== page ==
Shortly after Ganzi, I turned off the main road into a side valley. It was an excellent road that
led me directly along a swiftly flowing river. It was as beautiful as a dream. Fir trees – the entire
hillside was full of fir trees! The air was clean and fresh and smelled wonderfully of fresh wood.
There was hardly any traffic at all. Again and again, tiny villages would appear and, sometimes
I would only see houses that were beautifully decorated and painted. Most of them were made
of wood, or, at least, the gable was made of wood. It was like paradise. Every now and then,
even though I needed to pedal over a few hills, the road brought me slowly but steadily downhill.
Monasteries and interesting bridges appeared again and again, all of which I found to
be truly fascinating. Motor scooter riders sometimes overtook me and called loudly
“Tashi Delek”. The huge loudspeakers, which they had attached to their motor scooters,
were like moving jukeboxes. Children called to me and the old women smiled when I greeted
In the evening, I wanted to pitch my tent in a village square when a young monk came up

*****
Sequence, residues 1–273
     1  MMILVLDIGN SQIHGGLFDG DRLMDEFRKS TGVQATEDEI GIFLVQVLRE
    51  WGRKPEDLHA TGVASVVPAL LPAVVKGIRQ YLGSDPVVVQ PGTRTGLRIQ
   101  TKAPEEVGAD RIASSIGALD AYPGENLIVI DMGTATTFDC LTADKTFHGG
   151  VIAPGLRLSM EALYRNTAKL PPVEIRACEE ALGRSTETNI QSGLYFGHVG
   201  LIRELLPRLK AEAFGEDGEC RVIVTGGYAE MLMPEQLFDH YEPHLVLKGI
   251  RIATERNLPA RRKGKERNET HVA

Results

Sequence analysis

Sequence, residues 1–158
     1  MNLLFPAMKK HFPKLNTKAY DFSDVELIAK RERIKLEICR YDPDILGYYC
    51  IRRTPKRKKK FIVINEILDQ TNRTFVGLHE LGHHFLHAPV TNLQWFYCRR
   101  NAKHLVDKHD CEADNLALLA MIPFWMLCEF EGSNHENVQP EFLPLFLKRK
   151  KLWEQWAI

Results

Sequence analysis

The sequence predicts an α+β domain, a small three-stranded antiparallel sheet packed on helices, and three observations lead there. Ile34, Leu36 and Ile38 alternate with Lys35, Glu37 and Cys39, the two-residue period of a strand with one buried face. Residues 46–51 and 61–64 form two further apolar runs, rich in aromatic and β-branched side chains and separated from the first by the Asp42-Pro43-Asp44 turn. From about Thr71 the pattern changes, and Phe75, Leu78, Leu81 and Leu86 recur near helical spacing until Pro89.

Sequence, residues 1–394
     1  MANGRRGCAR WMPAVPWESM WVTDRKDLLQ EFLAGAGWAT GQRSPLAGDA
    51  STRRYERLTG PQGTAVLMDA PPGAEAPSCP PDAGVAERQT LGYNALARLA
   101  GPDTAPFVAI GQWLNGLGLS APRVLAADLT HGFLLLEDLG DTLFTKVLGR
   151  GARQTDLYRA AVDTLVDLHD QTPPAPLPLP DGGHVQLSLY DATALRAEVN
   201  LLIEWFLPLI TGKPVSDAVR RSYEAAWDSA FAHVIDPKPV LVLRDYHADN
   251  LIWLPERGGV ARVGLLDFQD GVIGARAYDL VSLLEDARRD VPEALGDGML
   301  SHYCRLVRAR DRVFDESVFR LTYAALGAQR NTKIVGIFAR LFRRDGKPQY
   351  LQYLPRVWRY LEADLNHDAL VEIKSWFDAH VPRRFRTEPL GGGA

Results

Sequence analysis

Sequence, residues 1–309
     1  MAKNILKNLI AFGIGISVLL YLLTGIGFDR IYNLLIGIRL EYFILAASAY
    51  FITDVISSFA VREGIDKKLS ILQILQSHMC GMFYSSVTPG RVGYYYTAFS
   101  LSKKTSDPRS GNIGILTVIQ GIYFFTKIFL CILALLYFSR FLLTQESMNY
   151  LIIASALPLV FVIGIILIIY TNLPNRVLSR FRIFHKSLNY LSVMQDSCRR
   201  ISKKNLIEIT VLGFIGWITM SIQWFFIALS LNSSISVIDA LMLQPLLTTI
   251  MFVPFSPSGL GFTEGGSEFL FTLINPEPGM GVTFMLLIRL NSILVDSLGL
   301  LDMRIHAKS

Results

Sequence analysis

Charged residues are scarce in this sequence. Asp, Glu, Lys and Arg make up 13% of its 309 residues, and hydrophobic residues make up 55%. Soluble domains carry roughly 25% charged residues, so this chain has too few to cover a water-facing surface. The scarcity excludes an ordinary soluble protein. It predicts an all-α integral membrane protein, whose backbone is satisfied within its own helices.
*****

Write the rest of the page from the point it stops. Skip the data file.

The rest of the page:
to me and invited me into his home. He lived in a very tiny house. He climbed through the
window, looked forever for his cell phone and then called his buddy to ask him to bring him
the house key, so I could get into the house. The door had a huge lock, and you would think
there must be bars of gold kept there. Instead, the entrance led into a kind of shed. It was totally
dark and, instead of gold bullion, only firewood was stored here. A tree trunk, which had
notches chopped into it for steps, leaned up toward the ceiling and led to the next floor.
A smoke-filled tiny kitchen and a room of about 5 square meters was hidden behind a heavy
sliding door made of wood.
The room was filled with Buddhist symbols, really nice to look at.